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'Everyday' People 6 October 2002
Asbury Park Press Interview

Source: Asbury Park Press

Jon Bon Jovi and Richie Sambora remember well the night they met.

They were both aspiring musicians working in an early '80s music scene dominated by cover bands. Sambora, of Woodbridge, was a local guitar hero with a band here and there, and Bon Jovi, of Sayreville, was a front man in the making.

Some of Sambora's buddies were playing with Bon Jovi and urged him to check out the singer.

"Yeah, yeah," Sambora thought at the time. "When I get around to it."

He lost that blase attitude upon seeing Bon Jovi perform. Sambora approached Bon Jovi after the gig.

"I said, 'I'm your new guitarist,' more or less," Sambora recalled.

Bon Jovi was taken aback, but also intrigued.

"We went to his mom's house and wrote two songs that made it to the first album -- I can't remember which ones at this point," Sambora said. "There was very instant chemistry. We worked well together and we both wanted to make original music."

"We found we were on the same page pretty quickly," Bon Jovi said.

Richie Sambora was in and original guitarist Dave "Snake" Sabo was out, soon to move on to New Jersey's second-most successful '80s pop-metal band, Skid Row.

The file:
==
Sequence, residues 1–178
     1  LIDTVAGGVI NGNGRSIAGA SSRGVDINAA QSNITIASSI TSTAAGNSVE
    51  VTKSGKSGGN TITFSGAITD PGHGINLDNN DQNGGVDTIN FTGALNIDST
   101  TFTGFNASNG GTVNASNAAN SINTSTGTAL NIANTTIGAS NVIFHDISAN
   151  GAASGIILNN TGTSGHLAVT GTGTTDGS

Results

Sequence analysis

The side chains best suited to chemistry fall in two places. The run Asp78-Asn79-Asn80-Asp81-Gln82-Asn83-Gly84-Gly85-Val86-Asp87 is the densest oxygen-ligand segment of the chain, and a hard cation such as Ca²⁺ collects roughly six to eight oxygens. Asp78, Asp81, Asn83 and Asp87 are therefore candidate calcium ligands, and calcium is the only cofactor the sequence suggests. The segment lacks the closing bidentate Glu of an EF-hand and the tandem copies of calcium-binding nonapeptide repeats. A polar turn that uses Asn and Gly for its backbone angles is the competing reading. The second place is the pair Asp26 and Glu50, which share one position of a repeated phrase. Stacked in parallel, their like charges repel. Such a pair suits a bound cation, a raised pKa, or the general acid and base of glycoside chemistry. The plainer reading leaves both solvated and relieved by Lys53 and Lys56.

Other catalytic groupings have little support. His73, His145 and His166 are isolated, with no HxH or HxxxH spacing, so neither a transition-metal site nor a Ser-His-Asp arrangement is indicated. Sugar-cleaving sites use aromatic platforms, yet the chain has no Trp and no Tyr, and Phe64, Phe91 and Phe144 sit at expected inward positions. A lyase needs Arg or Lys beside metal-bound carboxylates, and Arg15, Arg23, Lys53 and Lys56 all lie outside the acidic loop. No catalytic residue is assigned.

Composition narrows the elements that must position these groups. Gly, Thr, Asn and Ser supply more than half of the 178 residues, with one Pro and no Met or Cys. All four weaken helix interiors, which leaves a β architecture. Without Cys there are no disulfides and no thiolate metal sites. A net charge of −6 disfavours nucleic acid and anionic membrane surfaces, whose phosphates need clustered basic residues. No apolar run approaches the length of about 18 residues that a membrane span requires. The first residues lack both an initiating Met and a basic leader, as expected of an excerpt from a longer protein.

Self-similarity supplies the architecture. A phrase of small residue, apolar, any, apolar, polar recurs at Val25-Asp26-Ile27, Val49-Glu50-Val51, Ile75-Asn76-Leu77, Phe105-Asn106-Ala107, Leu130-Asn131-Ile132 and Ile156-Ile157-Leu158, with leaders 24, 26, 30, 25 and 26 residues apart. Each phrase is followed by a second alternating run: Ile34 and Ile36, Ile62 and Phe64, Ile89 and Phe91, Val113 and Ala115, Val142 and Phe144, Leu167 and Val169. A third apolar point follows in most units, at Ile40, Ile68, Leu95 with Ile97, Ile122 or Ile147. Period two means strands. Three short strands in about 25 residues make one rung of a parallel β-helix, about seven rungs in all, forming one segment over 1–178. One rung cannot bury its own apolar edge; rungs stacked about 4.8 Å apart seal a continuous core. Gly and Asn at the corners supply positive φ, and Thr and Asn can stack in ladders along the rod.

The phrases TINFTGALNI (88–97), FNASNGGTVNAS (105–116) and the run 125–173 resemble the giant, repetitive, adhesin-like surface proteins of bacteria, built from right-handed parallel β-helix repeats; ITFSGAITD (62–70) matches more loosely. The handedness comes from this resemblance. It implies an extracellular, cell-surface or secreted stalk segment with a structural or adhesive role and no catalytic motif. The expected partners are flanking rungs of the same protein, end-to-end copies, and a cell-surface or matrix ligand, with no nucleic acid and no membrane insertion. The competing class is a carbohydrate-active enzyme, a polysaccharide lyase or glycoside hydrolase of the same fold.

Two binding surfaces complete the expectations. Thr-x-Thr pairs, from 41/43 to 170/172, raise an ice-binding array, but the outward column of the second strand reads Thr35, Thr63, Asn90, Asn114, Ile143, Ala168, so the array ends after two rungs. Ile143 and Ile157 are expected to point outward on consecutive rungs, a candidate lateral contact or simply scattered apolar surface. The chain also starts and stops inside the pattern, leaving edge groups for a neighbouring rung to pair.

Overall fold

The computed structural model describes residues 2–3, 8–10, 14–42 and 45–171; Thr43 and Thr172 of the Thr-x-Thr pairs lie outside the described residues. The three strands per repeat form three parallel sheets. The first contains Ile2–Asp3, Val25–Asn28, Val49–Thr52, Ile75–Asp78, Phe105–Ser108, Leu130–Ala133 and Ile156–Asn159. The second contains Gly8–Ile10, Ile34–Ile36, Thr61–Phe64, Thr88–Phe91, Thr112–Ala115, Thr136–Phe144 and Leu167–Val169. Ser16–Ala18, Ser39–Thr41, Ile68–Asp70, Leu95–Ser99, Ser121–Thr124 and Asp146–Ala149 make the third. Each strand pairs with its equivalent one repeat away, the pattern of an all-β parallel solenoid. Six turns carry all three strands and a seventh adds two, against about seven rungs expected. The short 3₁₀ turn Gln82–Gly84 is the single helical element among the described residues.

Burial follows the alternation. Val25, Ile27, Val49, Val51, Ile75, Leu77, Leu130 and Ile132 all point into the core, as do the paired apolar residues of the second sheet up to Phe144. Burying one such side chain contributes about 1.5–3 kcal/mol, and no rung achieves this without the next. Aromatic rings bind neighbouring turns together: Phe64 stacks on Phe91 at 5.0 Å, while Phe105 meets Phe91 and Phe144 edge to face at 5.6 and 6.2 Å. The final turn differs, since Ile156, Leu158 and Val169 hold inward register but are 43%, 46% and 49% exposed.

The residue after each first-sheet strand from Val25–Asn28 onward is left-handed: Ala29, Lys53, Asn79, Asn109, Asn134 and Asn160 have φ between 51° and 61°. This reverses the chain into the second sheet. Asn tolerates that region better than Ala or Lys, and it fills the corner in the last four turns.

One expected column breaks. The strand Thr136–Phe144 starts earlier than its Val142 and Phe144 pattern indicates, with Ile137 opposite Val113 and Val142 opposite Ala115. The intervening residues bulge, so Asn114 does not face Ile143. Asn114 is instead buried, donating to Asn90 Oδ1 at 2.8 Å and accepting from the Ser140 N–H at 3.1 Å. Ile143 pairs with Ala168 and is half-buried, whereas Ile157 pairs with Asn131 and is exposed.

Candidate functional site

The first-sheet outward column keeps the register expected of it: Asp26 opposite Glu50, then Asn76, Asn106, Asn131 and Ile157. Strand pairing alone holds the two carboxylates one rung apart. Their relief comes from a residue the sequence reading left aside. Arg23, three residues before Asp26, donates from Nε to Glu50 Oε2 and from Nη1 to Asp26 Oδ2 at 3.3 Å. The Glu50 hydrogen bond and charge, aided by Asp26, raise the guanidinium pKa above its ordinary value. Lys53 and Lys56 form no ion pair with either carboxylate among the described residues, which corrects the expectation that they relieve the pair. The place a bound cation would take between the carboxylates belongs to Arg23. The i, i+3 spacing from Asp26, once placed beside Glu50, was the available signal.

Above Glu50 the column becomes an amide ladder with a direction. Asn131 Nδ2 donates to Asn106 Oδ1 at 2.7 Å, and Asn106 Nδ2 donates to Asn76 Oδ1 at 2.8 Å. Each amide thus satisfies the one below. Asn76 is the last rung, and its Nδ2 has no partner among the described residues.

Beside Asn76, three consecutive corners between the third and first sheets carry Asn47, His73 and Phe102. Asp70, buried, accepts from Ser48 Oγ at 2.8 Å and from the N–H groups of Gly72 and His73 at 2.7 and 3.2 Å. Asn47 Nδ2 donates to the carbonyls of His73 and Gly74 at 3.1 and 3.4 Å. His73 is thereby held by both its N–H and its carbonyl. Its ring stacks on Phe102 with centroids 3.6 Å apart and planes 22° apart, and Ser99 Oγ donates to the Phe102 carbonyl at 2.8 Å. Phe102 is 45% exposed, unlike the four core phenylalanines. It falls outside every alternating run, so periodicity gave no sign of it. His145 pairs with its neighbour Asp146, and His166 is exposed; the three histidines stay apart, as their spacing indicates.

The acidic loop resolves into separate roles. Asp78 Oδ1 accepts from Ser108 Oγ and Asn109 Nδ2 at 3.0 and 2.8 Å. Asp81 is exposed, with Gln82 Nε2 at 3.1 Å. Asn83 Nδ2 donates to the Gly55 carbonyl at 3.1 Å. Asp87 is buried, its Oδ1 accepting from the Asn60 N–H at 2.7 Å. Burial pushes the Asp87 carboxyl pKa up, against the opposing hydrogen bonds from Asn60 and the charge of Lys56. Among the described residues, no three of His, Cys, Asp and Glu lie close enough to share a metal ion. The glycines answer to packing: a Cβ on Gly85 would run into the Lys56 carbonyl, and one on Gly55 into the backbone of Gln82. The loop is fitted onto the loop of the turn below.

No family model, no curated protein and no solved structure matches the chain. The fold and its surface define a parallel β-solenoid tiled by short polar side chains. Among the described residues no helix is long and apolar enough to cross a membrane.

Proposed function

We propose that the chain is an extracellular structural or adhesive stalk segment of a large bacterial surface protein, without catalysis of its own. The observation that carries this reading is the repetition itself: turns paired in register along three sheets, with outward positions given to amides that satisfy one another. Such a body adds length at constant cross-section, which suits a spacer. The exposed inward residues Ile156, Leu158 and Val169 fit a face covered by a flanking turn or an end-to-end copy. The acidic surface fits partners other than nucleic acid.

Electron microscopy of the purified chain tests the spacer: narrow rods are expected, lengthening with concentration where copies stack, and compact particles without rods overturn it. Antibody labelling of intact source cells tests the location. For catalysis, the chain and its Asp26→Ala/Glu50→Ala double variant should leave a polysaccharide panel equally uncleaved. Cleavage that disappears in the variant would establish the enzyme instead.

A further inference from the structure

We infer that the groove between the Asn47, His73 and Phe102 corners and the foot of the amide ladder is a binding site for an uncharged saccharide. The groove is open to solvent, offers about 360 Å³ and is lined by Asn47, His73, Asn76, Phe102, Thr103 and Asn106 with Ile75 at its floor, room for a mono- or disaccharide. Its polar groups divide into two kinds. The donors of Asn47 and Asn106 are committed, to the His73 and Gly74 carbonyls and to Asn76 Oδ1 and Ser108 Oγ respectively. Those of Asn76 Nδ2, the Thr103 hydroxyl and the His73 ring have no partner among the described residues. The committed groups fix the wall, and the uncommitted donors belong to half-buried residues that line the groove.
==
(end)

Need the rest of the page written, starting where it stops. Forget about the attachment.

"When I first met Richie in '82 or '83, anybody could play," Bon Jovi said. "I mean, cover bands were making a fortune on the circuit, so there was no shortage of guitarists who had technical skills. What put it over for me was that Richie was different -- he made his own licks -- and that was more exciting for me than finding someone who could just play by numbers."

And, as Bugs Bunny would say, that was the beginning of a bee-yoo-tiful friendship.

Twenty years later, Bon Jovi still relies on Sambora for unique twists to a song. Sambora still finds himself impressed by Bon Jovi's versatility.

"We both write music and lyrics, it's a true collaboration," Bon Jovi said. "We'll discuss, in great detail, a point of view. A lot of ideas he had I would never've had, and vice versa."

They remain close friends, as well as bandmates. Bon Jovi lives in Middletown with his wife, the former Dorothea Hurley, and their three kids. Sambora lives across the continent, outside Los Angeles, with his wife, the actress Heather Locklear, and their 5-year-old daughter. But Sambora will fly to New Jersey for a week at a time to brainstorm with Bon Jovi.

"Richie and I typically get together with two acoustic guitars and the cheapest tape recorder we can find," Bon Jovi said. "When we hand the dubs to the band, they can't even figure out what keys the songs are in because the quality of the recording is so bad, but it doesn't matter."

Sambora and Bon Jovi were together the morning of Sept. 11, 2001, after a night of songwriting at Bon Jovi's home studio. Together, they tried to get in touch with Locklear in California and, together, they saw the smoke from Manhattan drifting over to Sandy Hook.

Until then, 2001 had been a charmed year for the band. The album "Crush" had spawned Bon Jovi's biggest hit ever, "It's My Life," and the band enjoyed a massive homecoming concert at Giants Stadium in July.

When the time came for the duo to resume songwriting, they knew they faced a challenge.


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